Upon further investigation, however, freethought is not so free after all. On the very first page of his chapter on freethought, he contends, “No one can be a freethinker who demands conformity to a bible, creed, or messiah.” So, according to Mr. Barker, since he and his group of freethinkers do not think they see enough evidence for the Bible’s inspiration, then all “freethinkers” must reject conformity to the Bible. What happened to the idea that freethought allows “you to do your own thinking.” Again, on the same page he wrote, “Freethinkers are naturalistic” (p. 133), meaning that freethinkers cannot believe in anything outside the realm of what can be measured scientifically using the senses. What if certain evidences compel a person to believe in a supernatural deity? According to freethought, a person is not free to follow that type of evidence. Once again, freethought proves to be much less “free” than we have been told.
Another telling statement from Barker’s pen comes on page 134, where he says, “Individuals are free to choose, within the limits of humanistic morality.” Freethought, then, allows a person to choose freely any set of ethical and moral standards, as long as those standards conform to the “humanistic morality” adopted by Barker and his fellow “freethinkers.” But what if those moral standards fall outside the realm of “humanistic morality?” Then a freethinker must choose some other standard—or cease to be a freethinker.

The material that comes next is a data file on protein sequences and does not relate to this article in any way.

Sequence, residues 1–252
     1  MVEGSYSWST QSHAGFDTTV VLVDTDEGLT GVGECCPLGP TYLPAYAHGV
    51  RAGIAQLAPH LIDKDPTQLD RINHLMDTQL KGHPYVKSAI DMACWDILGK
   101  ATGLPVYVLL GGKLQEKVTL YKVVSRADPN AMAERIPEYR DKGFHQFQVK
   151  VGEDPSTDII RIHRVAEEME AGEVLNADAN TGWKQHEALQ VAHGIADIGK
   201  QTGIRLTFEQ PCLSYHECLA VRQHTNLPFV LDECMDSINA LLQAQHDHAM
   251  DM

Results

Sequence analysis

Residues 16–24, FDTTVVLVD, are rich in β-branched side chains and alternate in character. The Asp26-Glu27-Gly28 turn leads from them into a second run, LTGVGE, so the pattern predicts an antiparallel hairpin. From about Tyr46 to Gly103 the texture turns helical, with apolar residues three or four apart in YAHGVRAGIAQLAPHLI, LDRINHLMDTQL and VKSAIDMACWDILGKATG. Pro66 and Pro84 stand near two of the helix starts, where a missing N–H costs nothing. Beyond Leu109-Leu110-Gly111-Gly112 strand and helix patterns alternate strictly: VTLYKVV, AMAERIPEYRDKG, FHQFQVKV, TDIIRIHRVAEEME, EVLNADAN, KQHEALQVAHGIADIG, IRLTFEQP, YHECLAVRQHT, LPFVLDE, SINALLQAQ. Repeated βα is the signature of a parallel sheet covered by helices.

In one of his concluding paragraphs, Barker states: “A multiplicity of individuals thinking, free from the restraints of orthodoxy, allows ideas to be tested, discarded or adopted” (p. 135). Barker subtly omits the other restraints such as naturalism and humanism, from which freethinkers are not free. In essence, freethinkers, according to Dan Barker, are those people who think like him and his fellow freethinkers. If a person does not think like the humanistic, naturalistic Dan Barker, then that person must be an enslaved thinker, not a freethinker. In reality, “freethought” is a misnomer and is not free after all. In fact, it is one of the “least free” ways to think that is available in the marketplace of ideas. In actuality, the only thing that can ever make a person free is the truth (John 8:32). From the statements quoted above, it is evident that Dan Barker and his fellow freethinkers are not really interested in freedom but, rather, are interested in forming a group of “freethinkers” that toes the party line on such false concepts as naturalism and humanism.
REFERENCEBarker, Dan (1992), Losing Faith In Faith—From Preacher to Atheist (Madison, WI: Freedom from Religion Foundation).
Do Natural Disasters Negate Divine Benevolence?
|by||Bert Thompson, Ph.D.|
Q.The Earth is plagued with all kinds of natural disasters (tornadoes, hurricanes, floods, etc.). How can these tragedies be reconciled with a supposedly good, benevolent God?